TUESDAY, Oct. 12, 2021 (HealthDay News) – Your chances of getting COVID-19 from surfaces at the grocery store are minimal, a Canadian study reassures.
Researchers at the University of Guelph in Ontario collected 957 samples at four grocery stories over a month. None tested positive for SARS-CoV-2, the virus that causes COVID, the study found.
In other words, high-touch surfaces like the handle of your shopping cart or the freezer door should be safe to touch in stores that follow good cleaning protocols.
"We believe that cleaning and disinfecting contact surfaces along with wearing masks significantly minimize the risk of transmission from surfaces in grocery stores to humans," said Dr. Maria Corradini, an associate professor of food sciences.
Research early in the pandemic suggested the virus could survive on surfaces for hours or even days, leading many folks to wear gloves while shopping.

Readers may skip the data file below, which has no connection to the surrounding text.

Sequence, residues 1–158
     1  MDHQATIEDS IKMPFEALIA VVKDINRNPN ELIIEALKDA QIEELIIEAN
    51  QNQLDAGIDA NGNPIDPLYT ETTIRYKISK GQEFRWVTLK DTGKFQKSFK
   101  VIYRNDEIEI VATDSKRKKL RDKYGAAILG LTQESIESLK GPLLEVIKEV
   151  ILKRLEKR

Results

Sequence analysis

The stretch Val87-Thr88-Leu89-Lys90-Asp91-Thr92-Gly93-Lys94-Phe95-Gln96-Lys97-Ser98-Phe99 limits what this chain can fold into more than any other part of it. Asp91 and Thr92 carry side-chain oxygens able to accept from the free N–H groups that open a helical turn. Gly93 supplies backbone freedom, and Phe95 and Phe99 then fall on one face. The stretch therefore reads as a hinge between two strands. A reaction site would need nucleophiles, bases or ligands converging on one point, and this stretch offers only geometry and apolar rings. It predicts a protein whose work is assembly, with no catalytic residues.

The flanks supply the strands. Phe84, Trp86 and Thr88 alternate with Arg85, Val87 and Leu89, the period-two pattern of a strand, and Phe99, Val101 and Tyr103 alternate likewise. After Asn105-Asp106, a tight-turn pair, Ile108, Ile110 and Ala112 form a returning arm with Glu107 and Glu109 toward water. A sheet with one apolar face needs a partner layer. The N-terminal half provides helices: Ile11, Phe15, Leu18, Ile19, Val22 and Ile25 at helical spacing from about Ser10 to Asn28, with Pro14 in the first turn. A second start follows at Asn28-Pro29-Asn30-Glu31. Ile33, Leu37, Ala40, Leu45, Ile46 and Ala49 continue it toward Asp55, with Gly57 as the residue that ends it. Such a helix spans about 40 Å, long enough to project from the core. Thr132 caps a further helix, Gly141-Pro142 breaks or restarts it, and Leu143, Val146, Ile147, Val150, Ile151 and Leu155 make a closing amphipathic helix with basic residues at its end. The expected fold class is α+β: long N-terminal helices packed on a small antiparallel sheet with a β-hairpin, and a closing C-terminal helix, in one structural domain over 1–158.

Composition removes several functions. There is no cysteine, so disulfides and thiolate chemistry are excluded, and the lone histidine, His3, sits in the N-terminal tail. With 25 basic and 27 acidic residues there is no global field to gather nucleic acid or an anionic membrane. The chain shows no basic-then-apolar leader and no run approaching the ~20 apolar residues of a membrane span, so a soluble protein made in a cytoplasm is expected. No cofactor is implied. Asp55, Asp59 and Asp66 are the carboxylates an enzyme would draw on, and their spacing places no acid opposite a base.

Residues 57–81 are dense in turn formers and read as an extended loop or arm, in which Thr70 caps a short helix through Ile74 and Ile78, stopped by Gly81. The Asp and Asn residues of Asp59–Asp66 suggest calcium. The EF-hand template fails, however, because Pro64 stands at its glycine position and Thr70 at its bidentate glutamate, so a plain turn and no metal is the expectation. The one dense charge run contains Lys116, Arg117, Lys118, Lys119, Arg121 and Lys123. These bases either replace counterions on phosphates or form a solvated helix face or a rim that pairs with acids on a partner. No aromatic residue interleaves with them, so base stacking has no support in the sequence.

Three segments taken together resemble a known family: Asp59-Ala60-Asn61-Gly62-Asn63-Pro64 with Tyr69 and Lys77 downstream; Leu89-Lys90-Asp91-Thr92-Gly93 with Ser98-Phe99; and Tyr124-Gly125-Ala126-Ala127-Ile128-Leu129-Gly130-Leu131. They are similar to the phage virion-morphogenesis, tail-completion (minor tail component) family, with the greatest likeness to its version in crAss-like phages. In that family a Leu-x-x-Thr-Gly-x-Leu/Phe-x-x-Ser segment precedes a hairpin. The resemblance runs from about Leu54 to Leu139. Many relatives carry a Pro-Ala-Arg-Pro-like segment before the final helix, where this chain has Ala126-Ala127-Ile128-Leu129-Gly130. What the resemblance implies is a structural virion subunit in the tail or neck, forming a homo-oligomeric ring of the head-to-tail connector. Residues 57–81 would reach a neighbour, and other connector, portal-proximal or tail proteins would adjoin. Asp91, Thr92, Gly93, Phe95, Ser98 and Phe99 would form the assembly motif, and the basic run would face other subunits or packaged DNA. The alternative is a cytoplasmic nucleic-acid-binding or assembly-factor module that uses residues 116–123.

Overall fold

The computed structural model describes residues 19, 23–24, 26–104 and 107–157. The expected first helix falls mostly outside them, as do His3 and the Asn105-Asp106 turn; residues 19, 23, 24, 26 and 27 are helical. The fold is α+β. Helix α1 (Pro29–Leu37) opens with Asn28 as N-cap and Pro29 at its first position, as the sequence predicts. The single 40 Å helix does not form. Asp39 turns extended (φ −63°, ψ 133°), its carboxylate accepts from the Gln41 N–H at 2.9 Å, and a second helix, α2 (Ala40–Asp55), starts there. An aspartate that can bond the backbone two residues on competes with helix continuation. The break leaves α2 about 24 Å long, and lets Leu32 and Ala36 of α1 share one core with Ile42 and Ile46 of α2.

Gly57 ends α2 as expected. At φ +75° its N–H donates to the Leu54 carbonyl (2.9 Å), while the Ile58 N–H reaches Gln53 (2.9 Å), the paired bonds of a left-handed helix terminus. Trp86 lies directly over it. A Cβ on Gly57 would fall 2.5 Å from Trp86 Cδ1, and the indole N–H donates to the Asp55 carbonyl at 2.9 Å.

For this study, researchers swabbed not only the handles of grocery carts and baskets, but also payment terminals, conveyor belts at checkouts, the surfaces around deli counters and the plastic and metal handles in frozen food sections.
Then they did PCR (polymerase chain reaction) testing to look for the virus' RNA.
It didn't matter what time of day they tested or whether the store was in a city or a suburb, none of the samples tested positive for the virus.
"These results suggest that if stores enforce regular sanitizing routines and monitor the health of store personnel, the risk of exposure from high-touch surfaces within a grocery store is low," Corradini said in a university news release.
The authors said their findings support those of the U.S. Centers of Disease Control and Prevention. The CDC found that while transmission of COVID-19 through surfaces is feasible, it is unlikely because the virus is typically spread through droplets or airborne transmission from infected people.
The study was recently published in the journal Current Research in Food Science.
The Centers for Disease Control and Prevention has more on COVID-19 and surfaces.
SOURCE: University of Guelph, news release, Oct. 5, 2021